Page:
Sunday, August 30, 2009
Remembering one's youth is fraught with emotion. My friends and I immersed ourselves in memories this weekend.
We confessed our deepest insecurities, replayed our riskiest moments, realized that all our families had their hidden (and not-so-hidden) demons. We reveled in our luck at making it to fifty-seven years in good health, without unbearable loss. But we counted our losses too: parents, friends, babies. We discussed the other kinds of losses we'd suffered, those harder to measure their absence: close relationships, innocence, love, trust.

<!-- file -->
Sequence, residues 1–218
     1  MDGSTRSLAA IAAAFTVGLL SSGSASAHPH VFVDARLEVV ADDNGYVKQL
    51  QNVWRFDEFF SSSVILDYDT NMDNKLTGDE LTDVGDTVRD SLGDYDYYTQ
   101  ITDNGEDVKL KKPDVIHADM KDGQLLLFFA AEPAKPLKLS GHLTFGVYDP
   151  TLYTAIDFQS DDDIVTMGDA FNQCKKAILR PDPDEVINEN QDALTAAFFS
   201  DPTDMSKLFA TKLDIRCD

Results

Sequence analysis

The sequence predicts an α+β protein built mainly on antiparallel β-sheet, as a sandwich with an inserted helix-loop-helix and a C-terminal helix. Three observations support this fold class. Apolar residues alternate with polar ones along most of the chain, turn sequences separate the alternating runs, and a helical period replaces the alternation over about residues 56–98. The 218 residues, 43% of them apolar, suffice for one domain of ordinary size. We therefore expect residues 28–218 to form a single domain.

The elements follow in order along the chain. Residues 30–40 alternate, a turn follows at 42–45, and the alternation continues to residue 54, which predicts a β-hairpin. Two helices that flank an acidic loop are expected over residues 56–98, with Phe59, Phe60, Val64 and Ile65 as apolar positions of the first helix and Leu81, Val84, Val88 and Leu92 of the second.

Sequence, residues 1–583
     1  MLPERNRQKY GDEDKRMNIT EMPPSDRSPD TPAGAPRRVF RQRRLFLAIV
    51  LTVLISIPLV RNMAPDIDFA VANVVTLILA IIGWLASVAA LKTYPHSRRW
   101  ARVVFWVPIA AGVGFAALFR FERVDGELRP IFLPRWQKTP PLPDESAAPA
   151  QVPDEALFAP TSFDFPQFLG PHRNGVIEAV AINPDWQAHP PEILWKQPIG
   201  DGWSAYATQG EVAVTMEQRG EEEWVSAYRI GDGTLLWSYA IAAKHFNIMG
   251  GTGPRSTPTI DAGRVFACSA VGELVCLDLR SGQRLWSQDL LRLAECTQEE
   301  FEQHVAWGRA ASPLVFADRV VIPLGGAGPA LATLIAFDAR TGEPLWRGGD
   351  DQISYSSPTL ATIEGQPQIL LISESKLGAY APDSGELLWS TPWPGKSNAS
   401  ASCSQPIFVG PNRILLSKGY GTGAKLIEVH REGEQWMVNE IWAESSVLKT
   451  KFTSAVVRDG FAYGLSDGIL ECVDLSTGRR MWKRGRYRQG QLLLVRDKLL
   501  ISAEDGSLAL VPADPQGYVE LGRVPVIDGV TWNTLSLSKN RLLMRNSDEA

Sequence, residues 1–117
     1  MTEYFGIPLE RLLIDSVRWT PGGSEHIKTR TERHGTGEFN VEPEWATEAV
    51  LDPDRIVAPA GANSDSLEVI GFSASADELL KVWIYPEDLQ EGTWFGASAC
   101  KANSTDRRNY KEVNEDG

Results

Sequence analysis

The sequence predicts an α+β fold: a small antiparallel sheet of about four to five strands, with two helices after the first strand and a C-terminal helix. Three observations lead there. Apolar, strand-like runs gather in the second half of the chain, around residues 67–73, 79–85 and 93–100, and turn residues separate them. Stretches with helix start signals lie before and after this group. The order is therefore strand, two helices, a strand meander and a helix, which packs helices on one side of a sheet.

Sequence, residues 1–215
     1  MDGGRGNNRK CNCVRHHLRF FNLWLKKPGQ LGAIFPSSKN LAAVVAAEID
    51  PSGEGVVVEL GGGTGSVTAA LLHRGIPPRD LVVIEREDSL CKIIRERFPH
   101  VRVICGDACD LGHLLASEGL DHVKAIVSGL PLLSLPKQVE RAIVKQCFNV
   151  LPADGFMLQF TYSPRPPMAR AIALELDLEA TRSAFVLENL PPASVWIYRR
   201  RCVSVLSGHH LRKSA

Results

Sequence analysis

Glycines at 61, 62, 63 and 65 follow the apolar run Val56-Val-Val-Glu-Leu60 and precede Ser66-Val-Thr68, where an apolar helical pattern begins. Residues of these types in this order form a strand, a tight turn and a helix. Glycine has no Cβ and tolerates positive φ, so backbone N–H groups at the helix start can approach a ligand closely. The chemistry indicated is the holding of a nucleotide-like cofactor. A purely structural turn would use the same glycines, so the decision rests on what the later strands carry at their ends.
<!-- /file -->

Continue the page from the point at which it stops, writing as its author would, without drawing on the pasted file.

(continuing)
It was hard to part with these friends who have known me for so long, for the safety they afforded me this weekend, for the unconditional love we have for each other. I felt their loss as soon as they drove away. I honked twice, they honked twice, then they disappeared around the curve to their respective cities and lives.
It made us want to get more of our old friends together, this small taste of memories. We're already planning. I know it won't be as long this time, because it's clear from our remembering that we don't have all day anymore.